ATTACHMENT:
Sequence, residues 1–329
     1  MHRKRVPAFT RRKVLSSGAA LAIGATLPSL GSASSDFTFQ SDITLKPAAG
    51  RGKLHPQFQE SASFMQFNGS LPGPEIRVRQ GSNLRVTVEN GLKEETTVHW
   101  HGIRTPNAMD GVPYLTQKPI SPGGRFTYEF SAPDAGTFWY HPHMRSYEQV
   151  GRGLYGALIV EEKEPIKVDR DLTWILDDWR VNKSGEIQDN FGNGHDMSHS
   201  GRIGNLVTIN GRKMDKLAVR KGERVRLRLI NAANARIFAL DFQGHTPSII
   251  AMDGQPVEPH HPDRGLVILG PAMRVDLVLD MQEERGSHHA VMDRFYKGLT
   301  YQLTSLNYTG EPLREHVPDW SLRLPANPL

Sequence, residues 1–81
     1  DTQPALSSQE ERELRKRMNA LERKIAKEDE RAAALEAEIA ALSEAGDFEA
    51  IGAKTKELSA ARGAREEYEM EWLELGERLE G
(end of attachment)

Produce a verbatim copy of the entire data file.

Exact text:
Sequence, residues 1–329
     1  MHRKRVPAFT RRKVLSSGAA LAIGATLPSL GSASSDFTFQ SDITLKPAAG
    51  RGKLHPQFQE SASFMQFNGS LPGPEIRVRQ GSNLRVTVEN GLKEETTVHW
   101  HGIRTPNAMD GVPYLTQKPI SPGGRFTYEF SAPDAGTFWY HPHMRSYEQV
   151  GRGLYGALIV EEKEPIKVDR DLTWILDDWR VNKSGEIQDN FGNGHDMSHS
   201  GRIGNLVTIN GRKMDKLAVR KGERVRLRLI NAANARIFAL DFQGHTPSII
   251  AMDGQPVEPH HPDRGLVILG PAMRVDLVLD MQEERGSHHA VMDRFYKGLT
   301  YQLTSLNYTG EPLREHVPDW SLRLPANPL

Sequence, residues 1–81
     1  DTQPALSSQE ERELRKRMNA LERKIAKEDE RAAALEAEIA ALSEAGDFEA
    51  IGAKTKELSA ARGAREEYEM EWLELGERLE G